By Tiana Laurence, co-founder and CMO at Factom, Inc.

A blanket, a taco truck and a laptop -- that's how I got through writing my first book. It's not exactly what you'd expect to hear from a published author, especially one who also doubles as a technology executive. But this is the truth, and as my experience shows, someone who thrives more on startups than word count can write a book.

All those nights after I left the office, I wrapped myself in my favorite blanket and tried to generate enough words before I fell asleep -- and if I was lucky, I'd let myself dash away to my favorite local food truck. Successful? Somewhat. There's a moral to this story: I survived. The result is that my book, Blockchain for Dummies, became a bestseller on Amazon and is in bookstores nationwide.

If I can do it, you can too -- and as a C-level executive, chances are you've got a message just awaiting an audience, so all you have to do is put a proverbial pen to paper. Should you choose to do so, learn from these valuable lessons:

Make a Schedule

For many of us, balancing our executive day job with our roles as parents, spouses and friends, it's impractical to sit down every day and write. However, the easiest way to finish a draft of your manuscript or get through a section of edits is to have a scheduled, dedicated time for writing.

This will provide a steadying balance of activities, ensuring you don't burn yourself out with a marathon writing session. You can also set this time aside for researching, proofreading or going over chapters with a friend for feedback. As long as you are focused and productive on your book during this time, you have been successful.

In addition, make sure to give yourself a break if you're just not feeling it that day. Adding the demands of writing a book on top of your existing life can be stressful, so make time for self-care.

Set Goals

Schedules don't really work without goals, particularly in a situation where you're adding to your routine. The goal may be word count, an outline or proofreading. Whatever your goal is for your scheduled writing session, make sure you stay on target.

Some drafting software allows you to set daily word count goals to keep you on track. If you're new to writing, cranking out even 500 words may seem like a challenge, so treat it like working out: Start slow and build your goals up over time.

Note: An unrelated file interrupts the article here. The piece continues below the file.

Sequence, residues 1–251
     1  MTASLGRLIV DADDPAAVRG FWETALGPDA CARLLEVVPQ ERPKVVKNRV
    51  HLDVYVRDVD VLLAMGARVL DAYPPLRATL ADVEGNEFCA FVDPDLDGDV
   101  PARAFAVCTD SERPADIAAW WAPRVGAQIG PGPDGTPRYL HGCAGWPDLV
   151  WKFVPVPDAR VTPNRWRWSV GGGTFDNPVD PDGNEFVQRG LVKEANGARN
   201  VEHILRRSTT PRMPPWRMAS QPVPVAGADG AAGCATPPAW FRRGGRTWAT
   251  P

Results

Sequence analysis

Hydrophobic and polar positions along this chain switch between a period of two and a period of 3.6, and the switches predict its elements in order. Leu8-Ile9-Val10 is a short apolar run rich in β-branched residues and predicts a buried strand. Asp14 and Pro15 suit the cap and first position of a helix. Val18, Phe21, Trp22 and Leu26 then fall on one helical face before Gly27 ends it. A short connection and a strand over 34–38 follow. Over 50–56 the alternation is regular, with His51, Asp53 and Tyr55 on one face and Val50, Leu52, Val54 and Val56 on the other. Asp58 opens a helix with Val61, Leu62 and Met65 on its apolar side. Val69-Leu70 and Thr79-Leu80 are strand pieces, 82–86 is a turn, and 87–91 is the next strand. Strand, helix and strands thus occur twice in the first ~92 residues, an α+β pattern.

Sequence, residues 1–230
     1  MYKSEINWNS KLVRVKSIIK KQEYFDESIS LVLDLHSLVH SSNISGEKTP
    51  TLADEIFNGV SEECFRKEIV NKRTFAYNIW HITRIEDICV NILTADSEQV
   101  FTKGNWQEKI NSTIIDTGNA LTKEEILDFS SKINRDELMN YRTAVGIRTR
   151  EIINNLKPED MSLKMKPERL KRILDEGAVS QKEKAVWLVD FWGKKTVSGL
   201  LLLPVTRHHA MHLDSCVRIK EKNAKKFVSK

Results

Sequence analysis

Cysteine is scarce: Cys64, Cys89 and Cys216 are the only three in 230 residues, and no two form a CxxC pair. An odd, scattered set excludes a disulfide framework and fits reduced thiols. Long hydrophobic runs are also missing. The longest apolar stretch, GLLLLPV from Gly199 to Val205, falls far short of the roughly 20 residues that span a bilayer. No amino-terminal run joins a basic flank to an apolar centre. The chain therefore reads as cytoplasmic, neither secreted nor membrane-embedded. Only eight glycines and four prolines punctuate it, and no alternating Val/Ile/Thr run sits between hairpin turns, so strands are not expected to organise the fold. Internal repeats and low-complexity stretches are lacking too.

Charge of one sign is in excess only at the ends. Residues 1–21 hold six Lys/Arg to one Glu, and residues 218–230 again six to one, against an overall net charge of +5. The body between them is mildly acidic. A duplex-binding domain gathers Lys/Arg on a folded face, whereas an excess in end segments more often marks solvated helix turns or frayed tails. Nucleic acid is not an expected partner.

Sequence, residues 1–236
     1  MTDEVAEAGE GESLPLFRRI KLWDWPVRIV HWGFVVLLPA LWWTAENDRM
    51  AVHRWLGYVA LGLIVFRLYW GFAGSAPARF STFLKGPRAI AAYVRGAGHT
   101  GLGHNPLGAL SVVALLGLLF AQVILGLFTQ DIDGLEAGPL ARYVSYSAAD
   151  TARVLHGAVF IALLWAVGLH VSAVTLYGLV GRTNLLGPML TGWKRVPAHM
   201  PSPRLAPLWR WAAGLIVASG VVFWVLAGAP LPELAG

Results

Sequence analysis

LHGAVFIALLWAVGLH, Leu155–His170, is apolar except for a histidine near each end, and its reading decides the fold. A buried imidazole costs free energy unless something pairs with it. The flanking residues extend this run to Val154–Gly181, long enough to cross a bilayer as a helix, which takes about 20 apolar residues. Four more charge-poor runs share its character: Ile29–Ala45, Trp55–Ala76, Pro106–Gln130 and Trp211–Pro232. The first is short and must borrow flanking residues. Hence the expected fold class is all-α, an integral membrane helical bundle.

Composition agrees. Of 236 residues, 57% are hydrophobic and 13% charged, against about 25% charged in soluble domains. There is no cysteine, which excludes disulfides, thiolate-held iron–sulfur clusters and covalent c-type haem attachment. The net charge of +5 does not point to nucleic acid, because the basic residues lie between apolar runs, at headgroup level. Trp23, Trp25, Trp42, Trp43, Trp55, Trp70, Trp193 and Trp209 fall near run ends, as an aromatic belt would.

Ask for Help

Even professional authors didn't start out being able to punch out 2,000 words a day. You'll find whatever method works for you, just like you found your preferred way to manage and work as an executive.

Smart executives know when to ask for help. Writing a book is no different: Fellow authors, freelance editors and colleagues are examples of people who can help create outlines, give feedback or simply encourage you along the way.

Writing itself is a solitary task, but the journey can be easier with a good team behind you. With coaching from friends and having talented writers review my work, I slowly learned how to make my writing more natural and readable.

Use Technology

Google Docs are your friend: They are fantastic for collaboration and getting feedback. I'm also a fan of Grammarly. Use tools that let you access your work when you are on the run and bouncing between your phone and laptop.

Lastly, voice recognition apps help you get your general thoughts down into text, which can be the foundation of your draft. Even with all of these tips, ultimately you have to find it within yourself to just do it.

Writing my book was much more work than I thought it would be -- but the experience also became more rewarding than I had imagined. I'd grown emotionally attached to the work because it was my pure creation and something tangible I could hold in my hands. Because of that, I suggest a little caution if you choose to write. Books are like children;
once you have one, you may find the urge to get to work writing another to keep it company!

Tiana Laurence is the co-founder and CMO at Factom, Inc.

Published on: Sep 6, 2017
The opinions expressed here by Inc.com columnists are their own, not those of Inc.com.